On a 10-12 year horizon, we expect the total return of the S&P 500 to fall short of 1% annually, and given that more than that amount is likely to represent dividends, it follows that we expect the level of the S&P 500 Index to be lower 10-12 years from now than it is today (recall a similar outcome after the 2000 peak). On a shorter horizon, market action remains unfavorable as well, which leaves prospective outcomes skewed to the downside, but we don’t need to take a particularly strong near-term view. Stocks appear to be in an extended top formation much like 2000 and 2007, so our inclination is more toward patient discipline than aggressive expectations of imminent market losses.
Ray Dalio Talks Meditating With Martin Scorsese (video) (LINK)

Stoic movie review: The Martian [H/T @TimHarford] (LINK)

In 5 Minutes, He Lets the Blind See (article and video) (LINK)

When the Sun Went Medieval on Our Planet (LINK)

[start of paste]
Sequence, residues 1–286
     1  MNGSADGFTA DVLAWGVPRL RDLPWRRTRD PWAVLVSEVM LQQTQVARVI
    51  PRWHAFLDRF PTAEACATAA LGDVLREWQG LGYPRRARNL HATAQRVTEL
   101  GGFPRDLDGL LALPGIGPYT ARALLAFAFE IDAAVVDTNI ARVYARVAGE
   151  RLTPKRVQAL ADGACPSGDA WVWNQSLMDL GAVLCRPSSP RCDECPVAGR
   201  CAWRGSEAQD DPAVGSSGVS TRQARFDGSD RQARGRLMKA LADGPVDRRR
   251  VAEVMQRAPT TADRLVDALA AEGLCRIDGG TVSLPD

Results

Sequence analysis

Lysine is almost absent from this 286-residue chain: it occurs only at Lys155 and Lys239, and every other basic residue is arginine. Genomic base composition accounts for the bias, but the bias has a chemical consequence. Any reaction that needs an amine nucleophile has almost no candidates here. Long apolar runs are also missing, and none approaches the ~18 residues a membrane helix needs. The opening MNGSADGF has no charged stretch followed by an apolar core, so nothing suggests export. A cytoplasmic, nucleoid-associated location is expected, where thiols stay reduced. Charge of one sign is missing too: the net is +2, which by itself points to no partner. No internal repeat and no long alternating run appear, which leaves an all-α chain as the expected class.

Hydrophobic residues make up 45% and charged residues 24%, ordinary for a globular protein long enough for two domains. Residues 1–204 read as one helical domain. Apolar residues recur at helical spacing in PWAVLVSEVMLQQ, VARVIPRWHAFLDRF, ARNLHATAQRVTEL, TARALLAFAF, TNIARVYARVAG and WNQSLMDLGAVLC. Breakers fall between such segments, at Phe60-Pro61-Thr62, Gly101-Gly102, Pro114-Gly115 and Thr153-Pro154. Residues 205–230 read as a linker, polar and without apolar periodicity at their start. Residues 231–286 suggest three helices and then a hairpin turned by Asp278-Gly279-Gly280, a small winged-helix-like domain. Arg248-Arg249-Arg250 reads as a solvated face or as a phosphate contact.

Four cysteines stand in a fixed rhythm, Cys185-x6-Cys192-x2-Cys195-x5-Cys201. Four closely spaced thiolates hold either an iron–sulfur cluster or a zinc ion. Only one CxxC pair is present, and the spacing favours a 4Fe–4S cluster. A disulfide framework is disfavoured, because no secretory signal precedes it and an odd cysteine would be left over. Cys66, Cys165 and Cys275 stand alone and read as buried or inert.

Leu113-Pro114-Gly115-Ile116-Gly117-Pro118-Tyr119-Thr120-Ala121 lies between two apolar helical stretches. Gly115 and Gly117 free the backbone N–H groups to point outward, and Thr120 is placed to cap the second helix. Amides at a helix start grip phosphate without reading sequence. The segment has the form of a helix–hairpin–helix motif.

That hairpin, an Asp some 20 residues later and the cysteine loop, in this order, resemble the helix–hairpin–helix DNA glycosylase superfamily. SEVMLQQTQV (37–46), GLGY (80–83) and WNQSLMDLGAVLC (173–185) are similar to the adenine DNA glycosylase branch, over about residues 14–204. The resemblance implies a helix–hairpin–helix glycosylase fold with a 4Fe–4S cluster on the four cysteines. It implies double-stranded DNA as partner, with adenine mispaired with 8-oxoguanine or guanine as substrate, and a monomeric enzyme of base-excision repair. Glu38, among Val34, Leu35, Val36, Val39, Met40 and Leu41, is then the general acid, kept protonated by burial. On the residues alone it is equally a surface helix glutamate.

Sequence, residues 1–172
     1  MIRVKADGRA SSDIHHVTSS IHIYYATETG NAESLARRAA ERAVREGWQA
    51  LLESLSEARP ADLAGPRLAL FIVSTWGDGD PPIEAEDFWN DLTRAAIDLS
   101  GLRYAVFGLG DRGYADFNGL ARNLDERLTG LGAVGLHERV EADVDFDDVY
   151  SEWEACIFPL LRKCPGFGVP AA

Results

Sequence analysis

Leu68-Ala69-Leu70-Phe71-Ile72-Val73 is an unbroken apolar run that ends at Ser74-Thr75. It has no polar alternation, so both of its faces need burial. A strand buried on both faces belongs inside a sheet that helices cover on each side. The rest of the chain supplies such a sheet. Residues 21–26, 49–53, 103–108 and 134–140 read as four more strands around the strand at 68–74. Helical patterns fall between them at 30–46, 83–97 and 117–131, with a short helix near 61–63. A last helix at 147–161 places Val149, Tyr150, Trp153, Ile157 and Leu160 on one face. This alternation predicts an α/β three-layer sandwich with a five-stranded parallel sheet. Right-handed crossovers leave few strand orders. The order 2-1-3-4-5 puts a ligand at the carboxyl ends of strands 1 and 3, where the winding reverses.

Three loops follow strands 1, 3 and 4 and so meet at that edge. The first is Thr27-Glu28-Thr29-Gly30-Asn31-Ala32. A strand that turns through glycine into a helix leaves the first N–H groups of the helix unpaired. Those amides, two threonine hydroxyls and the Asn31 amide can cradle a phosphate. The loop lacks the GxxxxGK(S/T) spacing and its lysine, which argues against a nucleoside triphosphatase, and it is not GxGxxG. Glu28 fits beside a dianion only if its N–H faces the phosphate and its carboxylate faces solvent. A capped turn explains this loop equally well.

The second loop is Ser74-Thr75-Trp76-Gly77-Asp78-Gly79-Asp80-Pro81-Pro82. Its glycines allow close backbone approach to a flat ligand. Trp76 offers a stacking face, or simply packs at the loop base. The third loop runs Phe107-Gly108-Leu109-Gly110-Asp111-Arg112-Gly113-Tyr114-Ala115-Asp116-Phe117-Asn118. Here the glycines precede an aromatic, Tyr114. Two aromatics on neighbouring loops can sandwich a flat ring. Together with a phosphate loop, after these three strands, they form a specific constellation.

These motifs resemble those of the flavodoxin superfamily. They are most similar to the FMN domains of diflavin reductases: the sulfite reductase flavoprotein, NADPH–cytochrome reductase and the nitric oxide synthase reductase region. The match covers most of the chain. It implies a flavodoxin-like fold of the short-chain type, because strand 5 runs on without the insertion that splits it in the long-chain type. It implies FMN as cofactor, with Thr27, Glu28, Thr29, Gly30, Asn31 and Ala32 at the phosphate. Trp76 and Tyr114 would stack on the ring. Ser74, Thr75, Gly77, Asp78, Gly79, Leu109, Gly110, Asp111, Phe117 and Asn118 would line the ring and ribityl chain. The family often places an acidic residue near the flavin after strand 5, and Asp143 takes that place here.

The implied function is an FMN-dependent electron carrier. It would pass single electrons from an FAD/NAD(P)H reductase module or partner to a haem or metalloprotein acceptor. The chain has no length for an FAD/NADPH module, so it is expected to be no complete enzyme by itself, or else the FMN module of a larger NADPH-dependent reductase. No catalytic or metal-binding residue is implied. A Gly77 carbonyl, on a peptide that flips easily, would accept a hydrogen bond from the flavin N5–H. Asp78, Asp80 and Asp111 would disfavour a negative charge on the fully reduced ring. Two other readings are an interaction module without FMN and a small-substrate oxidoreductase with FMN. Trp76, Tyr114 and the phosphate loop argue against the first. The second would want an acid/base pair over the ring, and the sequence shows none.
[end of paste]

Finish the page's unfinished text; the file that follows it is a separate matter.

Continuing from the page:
Here's a link to a post from earlier this year that I've been discussing among friends, related to position-sizing: A quick diversification thought...

Which also reminded me of this quote from Warren Buffett that I posted around the same time:
"If you are a professional and have confidence, then I would advocate lots of concentration. For everyone else, if it’s not your game, participate in total diversification... If it’s your game, diversification doesn’t make sense. It’s crazy to put money into your 20th choice rather than your 1st choice... Charlie and I operated mostly with 5 positions. If I were running 50, 100, 200 million, I would have 80% in 5 positions, with 25% for the largest. In 1964 I found a position I was willing to go heavier into, up to 40%. I told investors they could pull their money out. None did. The position was American Express after the Salad Oil Scandal. In 1951 I put the bulk of my net worth into GEICO. Later in 1998, LTCM was in trouble. With the spread between the on-the-run versus off-the-run 30 year Treasury bonds, I would have been willing to put 75% of my portfolio into it. There were various times I would have gone up to 75%, even in the past few years. If it’s your game and you really know your business, you can load up."
On Twitter, Ian Cassel also posted a great quote from Charlie Munger: